At his previous schools, Damien was in the office or
    in-school-suspension more often than in the classroom.
    Although he has well above average academic abilities,
    Damien struggles in the context of a traditional classroom.
    He meticulously analyzes most elements of the classroom,
    from the activities to the way teachers interact with him,
    and he constantly questions why systems exist and why
    systems which to him, hold no logic or value constrain

    him. Damien often gets frustrated when he feels as if
    teachers are not considering his ideas or questions and he
    often characterizes his teachers’ verbal interactions with
    and toward him as dismissive. Damien’s frequent absences
    seem to make him feel endlessly lost in class, as if despite
    his best efforts, he is consistently behind. He has limited
    coping mechanisms for frustrations, and continuing vio-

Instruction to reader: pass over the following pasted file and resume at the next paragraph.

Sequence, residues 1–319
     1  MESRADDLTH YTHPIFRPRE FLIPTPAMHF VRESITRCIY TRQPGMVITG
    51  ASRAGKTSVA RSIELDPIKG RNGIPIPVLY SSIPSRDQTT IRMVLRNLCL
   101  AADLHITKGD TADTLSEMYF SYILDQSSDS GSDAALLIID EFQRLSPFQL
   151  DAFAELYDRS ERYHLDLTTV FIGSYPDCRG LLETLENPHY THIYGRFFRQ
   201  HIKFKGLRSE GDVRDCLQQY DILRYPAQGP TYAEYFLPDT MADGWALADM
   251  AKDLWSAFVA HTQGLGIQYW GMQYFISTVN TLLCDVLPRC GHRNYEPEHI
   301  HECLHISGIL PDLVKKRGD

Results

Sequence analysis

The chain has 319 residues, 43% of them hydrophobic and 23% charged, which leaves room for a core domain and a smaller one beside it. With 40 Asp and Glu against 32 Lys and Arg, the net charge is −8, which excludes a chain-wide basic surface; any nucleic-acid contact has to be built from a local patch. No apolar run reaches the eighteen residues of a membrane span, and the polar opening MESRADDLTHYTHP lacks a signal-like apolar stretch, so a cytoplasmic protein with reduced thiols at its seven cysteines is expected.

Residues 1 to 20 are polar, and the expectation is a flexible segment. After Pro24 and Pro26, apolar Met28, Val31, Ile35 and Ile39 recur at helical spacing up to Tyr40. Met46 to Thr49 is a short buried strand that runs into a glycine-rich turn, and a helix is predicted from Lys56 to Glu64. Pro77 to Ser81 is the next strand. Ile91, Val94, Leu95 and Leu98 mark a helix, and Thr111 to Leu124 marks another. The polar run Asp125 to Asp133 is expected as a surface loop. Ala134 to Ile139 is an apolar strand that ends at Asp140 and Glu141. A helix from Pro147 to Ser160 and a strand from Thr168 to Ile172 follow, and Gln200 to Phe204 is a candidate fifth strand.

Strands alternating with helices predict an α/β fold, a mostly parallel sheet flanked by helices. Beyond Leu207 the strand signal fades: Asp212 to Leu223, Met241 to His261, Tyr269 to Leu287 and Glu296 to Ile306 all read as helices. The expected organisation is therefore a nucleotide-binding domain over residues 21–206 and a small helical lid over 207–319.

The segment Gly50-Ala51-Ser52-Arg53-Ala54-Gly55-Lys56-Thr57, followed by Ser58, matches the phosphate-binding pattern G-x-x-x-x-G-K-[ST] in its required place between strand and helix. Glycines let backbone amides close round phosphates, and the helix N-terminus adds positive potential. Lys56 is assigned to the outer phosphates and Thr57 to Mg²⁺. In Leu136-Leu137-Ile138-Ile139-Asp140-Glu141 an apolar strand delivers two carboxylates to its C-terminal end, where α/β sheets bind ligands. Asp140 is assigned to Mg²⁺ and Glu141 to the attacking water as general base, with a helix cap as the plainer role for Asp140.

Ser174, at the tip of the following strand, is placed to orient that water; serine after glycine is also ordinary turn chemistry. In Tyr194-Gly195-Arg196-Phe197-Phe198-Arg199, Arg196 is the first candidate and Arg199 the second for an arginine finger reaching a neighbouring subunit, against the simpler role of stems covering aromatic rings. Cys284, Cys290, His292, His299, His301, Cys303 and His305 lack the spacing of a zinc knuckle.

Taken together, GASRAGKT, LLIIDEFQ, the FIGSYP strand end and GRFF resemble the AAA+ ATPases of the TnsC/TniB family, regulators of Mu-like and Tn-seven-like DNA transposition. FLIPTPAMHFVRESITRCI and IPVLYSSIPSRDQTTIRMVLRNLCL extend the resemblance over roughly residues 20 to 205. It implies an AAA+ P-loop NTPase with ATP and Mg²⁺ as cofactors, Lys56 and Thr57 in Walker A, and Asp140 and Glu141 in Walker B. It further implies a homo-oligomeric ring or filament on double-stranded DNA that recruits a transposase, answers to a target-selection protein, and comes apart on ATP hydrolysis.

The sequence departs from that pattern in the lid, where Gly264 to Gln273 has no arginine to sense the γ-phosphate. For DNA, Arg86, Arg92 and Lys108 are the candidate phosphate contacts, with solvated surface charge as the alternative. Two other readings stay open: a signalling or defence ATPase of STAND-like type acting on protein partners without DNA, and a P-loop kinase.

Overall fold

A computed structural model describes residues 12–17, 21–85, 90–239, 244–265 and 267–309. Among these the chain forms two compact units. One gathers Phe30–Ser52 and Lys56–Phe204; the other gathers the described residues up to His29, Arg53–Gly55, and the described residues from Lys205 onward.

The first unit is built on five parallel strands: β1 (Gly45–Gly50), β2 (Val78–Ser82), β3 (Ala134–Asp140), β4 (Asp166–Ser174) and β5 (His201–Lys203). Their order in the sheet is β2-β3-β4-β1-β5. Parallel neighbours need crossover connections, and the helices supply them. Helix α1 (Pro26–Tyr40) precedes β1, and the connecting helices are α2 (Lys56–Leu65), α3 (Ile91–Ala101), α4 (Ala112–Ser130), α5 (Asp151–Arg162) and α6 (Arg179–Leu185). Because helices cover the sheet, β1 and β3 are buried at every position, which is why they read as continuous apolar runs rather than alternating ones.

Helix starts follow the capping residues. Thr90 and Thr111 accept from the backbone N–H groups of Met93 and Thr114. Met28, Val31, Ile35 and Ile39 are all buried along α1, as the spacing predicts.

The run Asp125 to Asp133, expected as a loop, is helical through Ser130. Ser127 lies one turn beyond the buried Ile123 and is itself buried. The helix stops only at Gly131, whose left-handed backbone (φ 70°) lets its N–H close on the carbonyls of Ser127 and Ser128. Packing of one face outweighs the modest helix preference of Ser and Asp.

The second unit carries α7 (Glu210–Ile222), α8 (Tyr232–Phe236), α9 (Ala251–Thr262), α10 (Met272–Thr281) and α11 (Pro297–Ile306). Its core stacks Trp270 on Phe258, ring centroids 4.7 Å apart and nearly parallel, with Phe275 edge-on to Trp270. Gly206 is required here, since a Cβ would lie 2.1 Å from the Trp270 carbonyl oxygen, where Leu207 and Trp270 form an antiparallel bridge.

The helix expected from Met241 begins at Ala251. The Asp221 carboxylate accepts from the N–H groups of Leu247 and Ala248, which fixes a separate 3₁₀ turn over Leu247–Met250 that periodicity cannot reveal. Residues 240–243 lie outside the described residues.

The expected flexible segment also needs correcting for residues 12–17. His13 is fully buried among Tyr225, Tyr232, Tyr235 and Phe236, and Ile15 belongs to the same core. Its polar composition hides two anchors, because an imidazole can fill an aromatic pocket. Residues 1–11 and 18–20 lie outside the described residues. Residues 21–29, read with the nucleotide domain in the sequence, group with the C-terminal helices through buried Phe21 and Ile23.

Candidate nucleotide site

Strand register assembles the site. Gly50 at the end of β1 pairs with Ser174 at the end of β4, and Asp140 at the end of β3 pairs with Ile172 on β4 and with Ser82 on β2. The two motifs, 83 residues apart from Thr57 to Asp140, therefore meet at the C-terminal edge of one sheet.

lent, aggressive, verbal outbursts typically result in
    Damien’s removal from the classroom. LMS teachers
    continue to work to find solutions to deescalate Damien’s
    explosive, verbal reactions to frustration.

    Damien has historically struggled in his relationship
    with his teachers. There are moments where LMS faculty
    perceive his words as threatening and hurtful.
    Nevertheless, he is a 13-year-old boy with cognitive abilities
    well-beyond his years despite an unstable family support
    network and an inability to communicate in a calm man-
    ner. Teachers have worked closely with mental health